Before Sentelle, Circuit Judge, Jackson, District Judge, and
Kennedy, District Judge.
The opinion of the court was delivered by: Per Curiam.
OPINION ON MOTION TO DISMISS
This three-judge court was convened to consider a Voting Rights
Act case arising out of Lyndon LaRouche's unsuccessful campaign
to capture the Democratic Party's 1996 nomination for President
of the United States. The suit was originally filed on August 2,
1996, and also contained additional constitutional claims. The
application for a three-judge court was denied and the entire
complaint dismissed pursuant to Fed.R.Civ.P. 12(b)(6). The court
of appeals then affirmed in part and remanded in part, which
required the assembly of a three-judge court on the claims under
the Act. See LaRouche v. Fowler, 152 F.3d 974, 998 (D.C.Cir.
1998). We now consider the remaining portions of defendants'
motions to dismiss. We conclude that the defendant Democratic
National Party is not a covered jurisdiction under the Act, and
that the defendant state parties are not required to request
preclearance of national party rules. We therefore grant the
The focus of this action is on Democratic National Committee
("DNC") rules which essentially extinguished Lyndon LaRouche's
chances of winning the Democratic presidential nomination in
1996. The facts are already detailed extensively in the opinion
of the court of appeals. See id. at 975-77. We restate the
relevant facts here.
LaRouche first announced his presidential bid on August 7,
1993. On March 12, 1994, the DNC adopted Delegate Selection Rules
for their 1996 convention. Rule 11(K) stated:
For purposes of these rules, a Democratic candidate
for President must be registered to vote, must be a
declared Democrat, and must, as determined by the
Chairman of the Democratic National Committee, have
established a bona fide record of public service,
accomplishment, public writings and/or public
statements affirmatively demonstrating that he or she
has the interests, welfare and success of the
Democratic Party of the United States at heart and
will participate in the Convention in good faith.
The DNC also promulgated its "Call to the 1996 Democratic
National Convention," in which Article IV defined a presidential
any person who, as determined by the National
Chairperson of the Democratic National Committee, has
accrued delegates in the nominating process and plans
to seek the nomination, has established substantial
support for his or her nomination as the Democratic
candidate for the Office of the President of the
United States, is a bona fide Democrat whose record
of public service, accomplishment, public writings
and/or public statements affirmatively demonstrates
that he or she is faithful to the interests, welfare
and success of the Democratic Party of the United
States, and will participate in the Convention in
LaRouche qualified for a position on the Democratic party
ballot in a number of states by the spring of 1996. But on
January 5, 1996, DNC Chairman Donald L. Fowler sent a letter to
the chairpersons of all state Democratic Party organizations.
Under Rule 11(K) and Article IV (the "Rules"), Fowler stated in
relevant part that LaRouche was "not a bona fide Democrat," as
shown by his "beliefs which are explicitly racist and
anti-Semitic, and otherwise utterly contrary to the fundamental
beliefs . . . of the Democratic Party. . . ." Thus, LaRouche was
"not to be considered a qualified candidate," and "state parties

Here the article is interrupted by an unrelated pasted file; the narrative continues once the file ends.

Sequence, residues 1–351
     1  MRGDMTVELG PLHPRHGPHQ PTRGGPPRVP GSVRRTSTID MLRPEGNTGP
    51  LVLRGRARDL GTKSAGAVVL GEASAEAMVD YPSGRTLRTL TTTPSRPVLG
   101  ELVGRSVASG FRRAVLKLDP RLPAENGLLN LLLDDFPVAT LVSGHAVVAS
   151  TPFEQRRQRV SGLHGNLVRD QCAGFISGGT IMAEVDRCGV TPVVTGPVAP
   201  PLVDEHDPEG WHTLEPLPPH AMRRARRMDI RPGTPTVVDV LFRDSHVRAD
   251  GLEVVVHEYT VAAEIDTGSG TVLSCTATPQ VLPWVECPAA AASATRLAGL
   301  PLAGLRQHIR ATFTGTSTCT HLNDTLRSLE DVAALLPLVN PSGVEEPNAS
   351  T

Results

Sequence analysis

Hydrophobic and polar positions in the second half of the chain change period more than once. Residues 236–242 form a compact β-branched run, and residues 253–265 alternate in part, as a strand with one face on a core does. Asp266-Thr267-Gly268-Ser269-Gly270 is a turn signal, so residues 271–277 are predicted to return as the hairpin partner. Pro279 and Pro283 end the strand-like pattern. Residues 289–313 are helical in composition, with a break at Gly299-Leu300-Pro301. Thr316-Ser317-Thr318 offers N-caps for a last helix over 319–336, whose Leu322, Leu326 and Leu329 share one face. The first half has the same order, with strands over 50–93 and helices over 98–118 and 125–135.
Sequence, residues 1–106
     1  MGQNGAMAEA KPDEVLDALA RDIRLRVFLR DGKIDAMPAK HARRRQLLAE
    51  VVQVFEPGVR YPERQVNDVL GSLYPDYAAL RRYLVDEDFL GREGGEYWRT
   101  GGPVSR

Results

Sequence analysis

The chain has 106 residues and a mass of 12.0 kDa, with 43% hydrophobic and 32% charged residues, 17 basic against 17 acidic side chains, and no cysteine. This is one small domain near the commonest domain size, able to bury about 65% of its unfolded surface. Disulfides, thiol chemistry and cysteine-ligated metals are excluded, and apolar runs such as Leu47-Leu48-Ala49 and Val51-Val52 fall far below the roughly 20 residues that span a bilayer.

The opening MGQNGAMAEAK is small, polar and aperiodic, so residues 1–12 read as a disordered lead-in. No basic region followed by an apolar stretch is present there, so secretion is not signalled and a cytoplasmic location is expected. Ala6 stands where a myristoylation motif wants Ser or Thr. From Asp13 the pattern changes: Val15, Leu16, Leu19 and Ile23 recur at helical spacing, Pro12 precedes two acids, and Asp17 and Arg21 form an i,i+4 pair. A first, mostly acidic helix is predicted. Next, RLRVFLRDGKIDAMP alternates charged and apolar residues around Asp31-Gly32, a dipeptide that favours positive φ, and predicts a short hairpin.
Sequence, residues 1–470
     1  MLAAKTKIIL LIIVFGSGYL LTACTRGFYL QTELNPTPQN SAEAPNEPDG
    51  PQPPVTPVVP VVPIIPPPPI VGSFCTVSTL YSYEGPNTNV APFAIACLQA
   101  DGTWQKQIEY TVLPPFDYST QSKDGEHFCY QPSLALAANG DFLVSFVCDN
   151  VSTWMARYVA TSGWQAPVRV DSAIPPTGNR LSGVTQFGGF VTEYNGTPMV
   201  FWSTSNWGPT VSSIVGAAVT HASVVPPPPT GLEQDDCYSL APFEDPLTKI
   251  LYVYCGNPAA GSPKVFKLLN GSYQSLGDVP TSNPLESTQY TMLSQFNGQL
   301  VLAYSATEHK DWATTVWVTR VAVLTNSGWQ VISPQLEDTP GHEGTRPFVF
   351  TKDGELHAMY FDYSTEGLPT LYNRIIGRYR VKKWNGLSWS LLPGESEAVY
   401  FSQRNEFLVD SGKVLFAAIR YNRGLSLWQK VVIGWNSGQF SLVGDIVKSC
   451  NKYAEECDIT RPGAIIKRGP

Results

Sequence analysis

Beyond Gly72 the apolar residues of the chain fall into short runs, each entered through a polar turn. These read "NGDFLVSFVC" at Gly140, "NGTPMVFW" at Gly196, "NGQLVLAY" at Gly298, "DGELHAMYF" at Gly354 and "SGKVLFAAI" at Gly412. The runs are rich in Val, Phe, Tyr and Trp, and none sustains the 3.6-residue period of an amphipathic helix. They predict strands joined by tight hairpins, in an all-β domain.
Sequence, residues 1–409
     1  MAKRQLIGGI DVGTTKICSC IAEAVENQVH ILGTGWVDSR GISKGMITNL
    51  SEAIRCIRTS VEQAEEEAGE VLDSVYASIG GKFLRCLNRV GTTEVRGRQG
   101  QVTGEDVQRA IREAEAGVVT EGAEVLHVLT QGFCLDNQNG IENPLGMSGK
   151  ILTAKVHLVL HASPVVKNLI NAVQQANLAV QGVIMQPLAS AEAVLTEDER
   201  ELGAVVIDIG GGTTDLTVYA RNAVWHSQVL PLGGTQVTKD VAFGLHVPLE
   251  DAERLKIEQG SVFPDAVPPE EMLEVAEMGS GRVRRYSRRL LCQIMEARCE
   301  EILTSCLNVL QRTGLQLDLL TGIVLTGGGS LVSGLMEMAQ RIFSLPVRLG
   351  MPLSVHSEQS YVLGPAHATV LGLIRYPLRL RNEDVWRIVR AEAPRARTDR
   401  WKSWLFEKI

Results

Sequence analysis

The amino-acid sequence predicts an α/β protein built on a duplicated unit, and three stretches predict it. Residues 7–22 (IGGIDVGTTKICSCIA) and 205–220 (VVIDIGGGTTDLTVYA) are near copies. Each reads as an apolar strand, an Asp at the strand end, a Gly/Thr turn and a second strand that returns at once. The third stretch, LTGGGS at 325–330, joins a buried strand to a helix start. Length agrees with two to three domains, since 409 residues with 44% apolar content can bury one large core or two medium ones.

. . . should disregard any votes that might be cast for Mr.
Larouche [sic], should not allocate delegate positions to Mr.
Larouche and should not recognize the selection of delegates
pledged to him at any stage of the Delegate Selection Process."
The letter further stated that "Mr. Larouche will not be entitled
to have his name placed in nomination for the office of President
at the 1996 Democratic National Convention."
LaRouche was not excluded from any primary ballots as a result
of this letter. But, he alleges that he received enough votes to
receive representation in Democratic nominating activities in
Louisiana, Virginia, Texas, and Arizona, and the District of
Columbia. Due to the Fowler letter, however, each of these
jurisdictions denied LaRouche such representation.
LaRouche and his supporters then filed this suit against
Fowler, the DNC, and the state Democratic parties and various
party officials of each of the above-mentioned states (the "state
defendants"). He alleged that the Democratic Party nominating
procedures which undermined his campaign had been adopted
unlawfully because they were not precleared under the Voting
Rights Act (the "Act"), 42 U.S.C. § 1973 et seq., and also
violated his Constitutional rights under 42 U.S.C. § 1983. He
also requested the appointment of a three judge court.
The one-judge district court denied the application and
dismissed the entire action. The court of appeals affirmed the
dismissal of some claims. First, claims against the District of
Columbia Democratic Party were dismissed because it is not a
"covered jurisdiction" subject to preclearance under the Act.
See LaRouche, 152 F.3d at 986. Second, the court of appeals
affirmed the dismissal of LaRouche's § 1983 claims. See id. at
The appeals court remanded the Voting Rights Act claims against
Fowler, the DNC, and the state defendants. It noted that a single
judge may dismiss claims under the Act only if the plaintiff's
challenge is "wholly insubstantial" or "obviously frivolous."
Id. at 982-83. Because the extent to which political party
activities are subject to the Act is not clear after Morse v.
Republican Party, 517 U.S. 186, 116 S.Ct. 1186, 134 L.Ed.2d 347
(1996), and although that case might be distinguishable, the
court was unable to say that the plaintiffs' ...